There can be no “back to normal” and it is irresponsible to let people assume there can be.  If this is the ultimate crisis of civilization, then we must be honest about what surviving it entails.  There will be no short term push to victory, instead it will be a slog, every year doing with less than the last, until at some point the impact of our past actions have abated. This will require government – in a democracy, technically “us” – to agree to limit everything about our current lives.  And it will mean that there will be some clear losers, those whose life and business are built upon pollution and greed, and what about them in a democratic system?

At best we are living with a chronic condition: the disruption we’ve caused to the climate system will take a long time to undo.  At worst, this could be fatal: runaway climate is a distinct possibility and the tipping points into that condition are unclear.  We must mobilize, to be sure, not for a typical war’s duration, but for the rest of our lives.  I am personally in favor of everything related to Green New Deals and all the rest.  It’s just important that we know what we are in for.

Or, I hear there Netflix has some great stuff coming soon.

2 questions about the climate crisis for institutions and organizations

By Steve Austin

The climate crisis is accelerating.  The only way to avoid the worst impacts is to end fossil fuel use as rapidly as possible while drawing down excess CO2 in the atmosphere.  There are no other solutions.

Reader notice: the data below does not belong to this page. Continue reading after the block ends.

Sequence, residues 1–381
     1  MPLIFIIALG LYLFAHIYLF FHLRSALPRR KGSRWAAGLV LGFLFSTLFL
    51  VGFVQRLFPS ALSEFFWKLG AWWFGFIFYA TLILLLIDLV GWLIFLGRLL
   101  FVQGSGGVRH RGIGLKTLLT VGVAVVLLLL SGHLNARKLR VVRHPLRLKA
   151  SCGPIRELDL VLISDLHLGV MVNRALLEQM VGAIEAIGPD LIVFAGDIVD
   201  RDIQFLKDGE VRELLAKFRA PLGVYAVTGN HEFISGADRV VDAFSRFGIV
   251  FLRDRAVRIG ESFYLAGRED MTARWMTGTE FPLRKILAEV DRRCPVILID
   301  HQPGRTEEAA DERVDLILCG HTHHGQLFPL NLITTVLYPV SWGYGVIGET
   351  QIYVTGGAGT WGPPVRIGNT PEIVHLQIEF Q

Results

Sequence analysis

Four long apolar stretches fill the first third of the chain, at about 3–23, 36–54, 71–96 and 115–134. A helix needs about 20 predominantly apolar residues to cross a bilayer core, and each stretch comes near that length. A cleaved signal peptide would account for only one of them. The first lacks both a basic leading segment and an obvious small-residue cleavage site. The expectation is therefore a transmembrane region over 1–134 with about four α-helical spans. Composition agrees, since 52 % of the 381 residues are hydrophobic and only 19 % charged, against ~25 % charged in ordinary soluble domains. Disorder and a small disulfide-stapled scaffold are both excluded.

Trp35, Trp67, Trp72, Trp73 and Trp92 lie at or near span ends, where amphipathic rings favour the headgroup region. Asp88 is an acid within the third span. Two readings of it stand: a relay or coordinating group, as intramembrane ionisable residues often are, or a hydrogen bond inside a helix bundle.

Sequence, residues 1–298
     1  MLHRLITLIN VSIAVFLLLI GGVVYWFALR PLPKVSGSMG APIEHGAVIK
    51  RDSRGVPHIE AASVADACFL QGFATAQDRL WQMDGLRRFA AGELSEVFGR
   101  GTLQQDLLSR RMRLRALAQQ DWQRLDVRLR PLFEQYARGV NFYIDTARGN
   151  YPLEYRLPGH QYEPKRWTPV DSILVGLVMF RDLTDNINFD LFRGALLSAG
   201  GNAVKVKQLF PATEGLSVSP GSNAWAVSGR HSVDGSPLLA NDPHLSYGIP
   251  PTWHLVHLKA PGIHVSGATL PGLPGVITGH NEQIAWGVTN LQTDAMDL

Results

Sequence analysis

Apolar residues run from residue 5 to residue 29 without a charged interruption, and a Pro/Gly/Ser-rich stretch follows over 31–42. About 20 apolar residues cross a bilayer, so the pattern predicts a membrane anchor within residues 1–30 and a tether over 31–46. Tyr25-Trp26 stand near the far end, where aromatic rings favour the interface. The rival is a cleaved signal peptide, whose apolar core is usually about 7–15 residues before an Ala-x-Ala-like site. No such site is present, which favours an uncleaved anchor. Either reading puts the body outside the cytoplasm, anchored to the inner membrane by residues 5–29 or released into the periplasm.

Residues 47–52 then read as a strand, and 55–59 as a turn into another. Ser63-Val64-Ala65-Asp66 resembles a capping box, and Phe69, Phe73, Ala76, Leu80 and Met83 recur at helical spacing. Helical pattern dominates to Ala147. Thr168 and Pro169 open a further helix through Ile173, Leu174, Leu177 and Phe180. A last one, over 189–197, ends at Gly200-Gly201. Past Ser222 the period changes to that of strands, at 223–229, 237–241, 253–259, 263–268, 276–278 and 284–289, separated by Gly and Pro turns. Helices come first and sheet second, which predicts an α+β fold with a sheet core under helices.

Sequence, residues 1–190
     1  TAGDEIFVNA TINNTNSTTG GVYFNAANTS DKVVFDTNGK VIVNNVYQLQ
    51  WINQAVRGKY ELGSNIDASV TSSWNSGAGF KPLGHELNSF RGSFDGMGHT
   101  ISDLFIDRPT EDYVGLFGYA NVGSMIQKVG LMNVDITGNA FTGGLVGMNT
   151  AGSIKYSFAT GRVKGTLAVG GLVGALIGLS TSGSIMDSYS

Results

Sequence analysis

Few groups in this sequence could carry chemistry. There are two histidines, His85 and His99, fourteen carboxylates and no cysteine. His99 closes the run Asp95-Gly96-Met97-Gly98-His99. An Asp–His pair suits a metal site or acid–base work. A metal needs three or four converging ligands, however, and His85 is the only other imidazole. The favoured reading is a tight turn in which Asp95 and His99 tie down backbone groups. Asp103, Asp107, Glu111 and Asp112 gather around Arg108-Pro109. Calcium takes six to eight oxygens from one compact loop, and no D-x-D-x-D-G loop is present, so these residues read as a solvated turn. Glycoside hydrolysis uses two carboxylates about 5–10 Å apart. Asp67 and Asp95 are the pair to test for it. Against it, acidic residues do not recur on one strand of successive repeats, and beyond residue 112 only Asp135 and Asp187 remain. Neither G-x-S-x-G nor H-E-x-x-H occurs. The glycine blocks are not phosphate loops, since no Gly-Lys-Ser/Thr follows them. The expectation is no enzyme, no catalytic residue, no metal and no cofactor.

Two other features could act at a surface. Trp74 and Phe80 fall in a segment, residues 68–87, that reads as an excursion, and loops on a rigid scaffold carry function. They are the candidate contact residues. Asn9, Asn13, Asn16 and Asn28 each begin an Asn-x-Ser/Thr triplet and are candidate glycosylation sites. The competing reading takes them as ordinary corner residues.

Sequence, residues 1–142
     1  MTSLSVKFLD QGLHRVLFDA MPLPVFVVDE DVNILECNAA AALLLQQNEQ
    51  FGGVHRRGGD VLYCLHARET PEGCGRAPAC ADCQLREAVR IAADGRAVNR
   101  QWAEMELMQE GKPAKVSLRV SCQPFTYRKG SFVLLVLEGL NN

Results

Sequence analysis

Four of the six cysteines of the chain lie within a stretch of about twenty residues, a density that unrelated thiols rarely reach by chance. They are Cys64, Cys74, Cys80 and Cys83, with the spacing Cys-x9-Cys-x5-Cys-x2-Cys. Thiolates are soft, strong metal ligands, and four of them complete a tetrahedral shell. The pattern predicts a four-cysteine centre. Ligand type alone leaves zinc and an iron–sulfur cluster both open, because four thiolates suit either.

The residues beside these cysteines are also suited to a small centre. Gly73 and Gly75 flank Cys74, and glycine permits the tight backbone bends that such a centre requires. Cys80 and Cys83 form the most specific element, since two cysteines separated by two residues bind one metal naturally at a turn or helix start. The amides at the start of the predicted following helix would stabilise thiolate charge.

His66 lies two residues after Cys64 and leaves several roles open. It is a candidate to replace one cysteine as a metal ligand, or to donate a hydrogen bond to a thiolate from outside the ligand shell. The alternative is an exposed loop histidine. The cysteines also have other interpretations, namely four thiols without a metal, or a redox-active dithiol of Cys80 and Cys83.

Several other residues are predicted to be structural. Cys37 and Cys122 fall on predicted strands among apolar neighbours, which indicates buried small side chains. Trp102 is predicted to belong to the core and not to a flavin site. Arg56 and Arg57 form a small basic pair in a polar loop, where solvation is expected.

In light of this reality, institutional and organizational leaders must ask themselves one of the following questions:

How will the institution or organization function without using any fossil fuels? The implication of this question is that the institution or organization will find a way to continue without fossil fuels.

If that question is too difficult, then the other question is:  how will the organization or institution function in a world being devastated by climate catastrophe?

That’s it.  Those are the choices we have. There is no middle ground, no “un-extreme” options, no way to simply ignore the reality. It will affect everyone, eventually.

Royal Institute of British Architects declares climate emergency

SA: This is important, but it needs to be followed by definitive action to get to zero fossil fuel use.  If not, it will be just one more coat of greenwash.  Troublingly in that direction, the RIBA’s statement says “the Ethics and Sustainable Development Action Plan will include measurable actions to support a net zero carbon built environment.”

This shows either a willful or negligent misunderstanding of what we face:  net zero carbon is not enough.  Net zero carbon is an implication that it will be alright to use fossil fuels as long as they are offset by an equal amount of sequestration.  But the climate crisis demands more.  If we were to have only net zero operations, then the atmospheric concentration of CO2 would still remain too high for safety.  There is no way to offset emissions and draw excess carbon down at the same time.  “Real” zero carbon is needed:  that is, no more CO2 and other greenhouse gas emissions AND a planet-wide effort to drawdown excess CO2 to safe levels.   THAT will be radically transformative.


From Dezeen.com:

The Royal Institute of British Architects has declared a state of climate emergency, committing to a five-year plan of action for climate change.

The decision to formally acknowledge the role that architects have in causing climate change and alleviating it was made at a council meeting of the RIBA.

“The climate emergency is the biggest challenge facing our planet and our profession,” said RIBA president Ben Derbyshire.

“But to have a significant impact we need to do more than make symbolic statements – we need to turn warm words into impactful actions.”

“We architects need to transform the way we practice and along with our fellow professionals around the world, make changes that will impact at a global level,” added Derbyshire.